Monday 25 June 2012

Darren Olivier

RSA: IP Transfers to non residents require approval

The latest development in the ongoing tug-o-war (see here and here) between the judiciary and the RSA government on whether IP transfers to non resident's require exchange control permission can be found in this month's Government Gazette (amendments to the Excon Regs by the President), extracted as:

"(4) For the purposes of sub-regulation (1 )(c)-

(a) 'capital' shall include, without derogating from the generality of that

term, any intellectual property right, whether registered or unregistered;


(b) 'exported from the Republic' shall include, without derogating from the

generality of that term, the cession of, the creation of a hypothetic or

other form of security over, or the assignment or transfer of any

intellectual property right, to or in favour of a person who is not resident

in the Republic.".

Effectively, this means that IP transfers from locals to non residents require exchange control approval. But is the amendment lawful? At least one commentator (Webber Wentzel's Benjamin Cronin) thinks not - see here:

"The reason is that the empowering provision to make the Regulations themselves, which is contained in section 9(1)(a) of the Currency and Exchanges Act 9 of 1933, refers to the ability of the President to "make regulations in regard to any matter directly or indirectly relating to or affecting or having any bearing upon currency, banking or exchanges“. This empowering provision does not cover Intellectual Property, making any purported regulation dealing with Intellectual Property potentially unlawful. [ed - but is it - the IP seems incidental and the IP acts have not changed?]

Even if one were to accept the proposition that Intellectual Property could be the subject of Regulations under the Currency and Exchanges Act 9 of 1933, then the section 9 power to create this restriction may itself be unconstitutional. This is because the power to legislate is given by the Constitution exclusively to Parliament, which in turn may prescribe circumstances in which secondary or delegated legislation (such as Regulations) may be issued. The potential for the issuing of Regulations does not, however, mean that the President can usurp from Parliament the power to legislate [ed - what if that is what Parliament had already legislated in the empowering provision ie it had empowered the President?] ...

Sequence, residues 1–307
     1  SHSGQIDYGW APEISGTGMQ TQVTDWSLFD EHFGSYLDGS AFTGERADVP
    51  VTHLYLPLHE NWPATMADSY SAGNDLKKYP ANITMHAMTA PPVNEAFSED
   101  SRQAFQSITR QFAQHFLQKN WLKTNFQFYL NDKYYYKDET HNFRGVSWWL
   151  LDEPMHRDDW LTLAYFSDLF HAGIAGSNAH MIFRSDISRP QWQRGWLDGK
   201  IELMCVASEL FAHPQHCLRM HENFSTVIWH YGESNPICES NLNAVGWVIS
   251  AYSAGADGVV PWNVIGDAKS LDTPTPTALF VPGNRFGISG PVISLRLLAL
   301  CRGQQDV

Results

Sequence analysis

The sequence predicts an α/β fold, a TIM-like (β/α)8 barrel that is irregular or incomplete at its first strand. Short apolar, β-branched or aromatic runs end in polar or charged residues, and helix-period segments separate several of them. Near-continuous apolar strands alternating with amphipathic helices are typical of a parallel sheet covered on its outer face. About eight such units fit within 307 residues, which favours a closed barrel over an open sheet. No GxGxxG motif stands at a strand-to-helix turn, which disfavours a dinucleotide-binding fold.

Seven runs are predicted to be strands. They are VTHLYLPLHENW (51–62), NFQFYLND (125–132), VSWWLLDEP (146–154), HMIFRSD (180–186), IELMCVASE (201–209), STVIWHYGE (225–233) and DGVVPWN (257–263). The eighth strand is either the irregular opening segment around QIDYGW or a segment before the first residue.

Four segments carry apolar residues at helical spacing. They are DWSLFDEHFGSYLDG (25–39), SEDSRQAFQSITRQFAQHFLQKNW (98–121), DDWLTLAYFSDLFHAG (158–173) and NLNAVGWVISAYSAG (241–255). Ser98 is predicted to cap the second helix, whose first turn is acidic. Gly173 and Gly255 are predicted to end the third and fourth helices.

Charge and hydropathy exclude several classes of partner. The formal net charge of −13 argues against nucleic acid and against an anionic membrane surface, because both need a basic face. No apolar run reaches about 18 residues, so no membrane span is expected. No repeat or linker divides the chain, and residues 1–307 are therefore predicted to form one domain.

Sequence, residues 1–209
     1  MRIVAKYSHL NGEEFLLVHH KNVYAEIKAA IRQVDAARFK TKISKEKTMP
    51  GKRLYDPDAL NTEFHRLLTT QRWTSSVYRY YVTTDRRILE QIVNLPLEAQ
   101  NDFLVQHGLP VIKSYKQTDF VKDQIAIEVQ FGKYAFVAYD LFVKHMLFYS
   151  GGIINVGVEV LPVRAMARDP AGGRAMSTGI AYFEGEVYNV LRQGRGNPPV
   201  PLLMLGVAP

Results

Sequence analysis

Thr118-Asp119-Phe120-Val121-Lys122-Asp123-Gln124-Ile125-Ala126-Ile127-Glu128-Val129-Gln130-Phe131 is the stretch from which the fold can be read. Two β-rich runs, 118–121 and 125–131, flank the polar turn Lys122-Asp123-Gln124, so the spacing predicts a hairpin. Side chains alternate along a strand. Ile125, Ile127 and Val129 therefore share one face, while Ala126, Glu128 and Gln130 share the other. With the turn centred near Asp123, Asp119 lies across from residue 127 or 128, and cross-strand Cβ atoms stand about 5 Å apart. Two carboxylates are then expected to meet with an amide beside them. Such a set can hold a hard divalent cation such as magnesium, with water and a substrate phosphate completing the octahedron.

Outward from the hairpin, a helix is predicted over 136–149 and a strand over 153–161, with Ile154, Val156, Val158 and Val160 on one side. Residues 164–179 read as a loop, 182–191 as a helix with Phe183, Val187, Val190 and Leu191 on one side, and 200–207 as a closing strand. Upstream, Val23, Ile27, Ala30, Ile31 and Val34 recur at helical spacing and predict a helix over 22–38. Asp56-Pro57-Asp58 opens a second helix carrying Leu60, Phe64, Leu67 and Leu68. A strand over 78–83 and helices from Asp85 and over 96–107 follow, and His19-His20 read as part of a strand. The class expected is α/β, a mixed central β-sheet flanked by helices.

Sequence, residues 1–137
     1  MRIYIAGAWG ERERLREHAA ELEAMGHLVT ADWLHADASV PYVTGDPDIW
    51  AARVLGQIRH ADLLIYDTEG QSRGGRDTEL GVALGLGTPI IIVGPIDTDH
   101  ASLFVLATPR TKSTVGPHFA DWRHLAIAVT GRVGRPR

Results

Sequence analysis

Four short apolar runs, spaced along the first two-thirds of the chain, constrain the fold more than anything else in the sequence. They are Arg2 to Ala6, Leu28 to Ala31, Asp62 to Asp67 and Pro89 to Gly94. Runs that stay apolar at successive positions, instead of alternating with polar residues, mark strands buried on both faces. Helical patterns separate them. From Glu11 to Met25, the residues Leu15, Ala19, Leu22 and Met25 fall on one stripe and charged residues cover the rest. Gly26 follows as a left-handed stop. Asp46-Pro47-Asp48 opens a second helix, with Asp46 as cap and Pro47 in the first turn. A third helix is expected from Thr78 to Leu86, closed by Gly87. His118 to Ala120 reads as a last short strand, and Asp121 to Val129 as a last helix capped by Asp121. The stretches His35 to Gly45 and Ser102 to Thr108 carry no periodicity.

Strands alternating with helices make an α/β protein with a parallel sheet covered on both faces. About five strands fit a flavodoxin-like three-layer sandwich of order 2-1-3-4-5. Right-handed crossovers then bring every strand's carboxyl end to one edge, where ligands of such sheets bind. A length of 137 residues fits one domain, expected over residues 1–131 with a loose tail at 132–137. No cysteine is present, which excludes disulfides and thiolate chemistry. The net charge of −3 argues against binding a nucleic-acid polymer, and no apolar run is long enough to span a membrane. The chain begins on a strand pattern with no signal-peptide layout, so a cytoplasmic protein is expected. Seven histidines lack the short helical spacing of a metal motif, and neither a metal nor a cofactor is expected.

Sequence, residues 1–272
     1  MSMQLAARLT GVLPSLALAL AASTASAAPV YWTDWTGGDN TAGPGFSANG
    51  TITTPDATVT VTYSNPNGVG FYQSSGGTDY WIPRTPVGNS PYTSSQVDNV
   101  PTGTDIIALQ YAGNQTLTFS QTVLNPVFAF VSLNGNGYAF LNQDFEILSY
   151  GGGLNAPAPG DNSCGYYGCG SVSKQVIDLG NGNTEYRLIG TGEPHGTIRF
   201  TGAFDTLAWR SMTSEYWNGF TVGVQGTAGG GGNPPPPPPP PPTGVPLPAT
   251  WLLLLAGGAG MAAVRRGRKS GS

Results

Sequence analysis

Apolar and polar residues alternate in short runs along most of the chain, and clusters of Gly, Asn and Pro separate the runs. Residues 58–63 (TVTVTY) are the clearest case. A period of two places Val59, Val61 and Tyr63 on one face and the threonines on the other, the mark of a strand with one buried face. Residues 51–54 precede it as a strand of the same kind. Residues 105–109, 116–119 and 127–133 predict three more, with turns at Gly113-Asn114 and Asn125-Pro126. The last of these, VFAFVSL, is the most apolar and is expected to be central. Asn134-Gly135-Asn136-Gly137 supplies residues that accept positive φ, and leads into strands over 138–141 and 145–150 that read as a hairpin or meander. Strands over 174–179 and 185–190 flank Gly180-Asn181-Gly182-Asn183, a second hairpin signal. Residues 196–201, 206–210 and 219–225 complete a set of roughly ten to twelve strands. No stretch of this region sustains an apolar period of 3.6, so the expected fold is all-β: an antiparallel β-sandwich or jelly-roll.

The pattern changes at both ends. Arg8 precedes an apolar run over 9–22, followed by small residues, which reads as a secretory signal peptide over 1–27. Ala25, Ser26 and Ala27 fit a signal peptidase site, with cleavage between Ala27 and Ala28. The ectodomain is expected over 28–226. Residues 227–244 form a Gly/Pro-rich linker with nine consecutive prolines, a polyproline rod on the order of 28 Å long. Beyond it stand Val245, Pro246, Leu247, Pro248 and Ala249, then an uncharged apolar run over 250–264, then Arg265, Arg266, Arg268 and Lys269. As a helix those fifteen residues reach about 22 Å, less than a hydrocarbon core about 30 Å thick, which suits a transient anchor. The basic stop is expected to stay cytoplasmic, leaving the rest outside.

While on the face of it, this amendment is a positive step in that it attempts to create certainty by legislating a partial definition of the term "capital" and of the phrase "exported from the Republic", neither is in fact fully defined. Further, the new phrase "any intellectual property right" is itself not defined. Consequently, this amendment creates substantial uncertainty not only because of its doubtful legality, but also because of the lack of definitional detail." [ed - agreed. to take it to the absurd - if a well known local sports star is transferred to Europe, does he need excon approval - after all he/she possesses unregistered image rights, could be brand or have valuable know-how ... and what if a humble lawyer decided to do the same]

Afro Leo is more interested though in whether a protectionist regime so clearly advocated by RSAincentivise innovation & tech transfer in the country ie job creation and growth by creating a rule that IP generated in the country cannot be transferred outside the country without permission? Surely not but then again I am not an economist - comments welcome.

Darren Olivier

Darren Olivier

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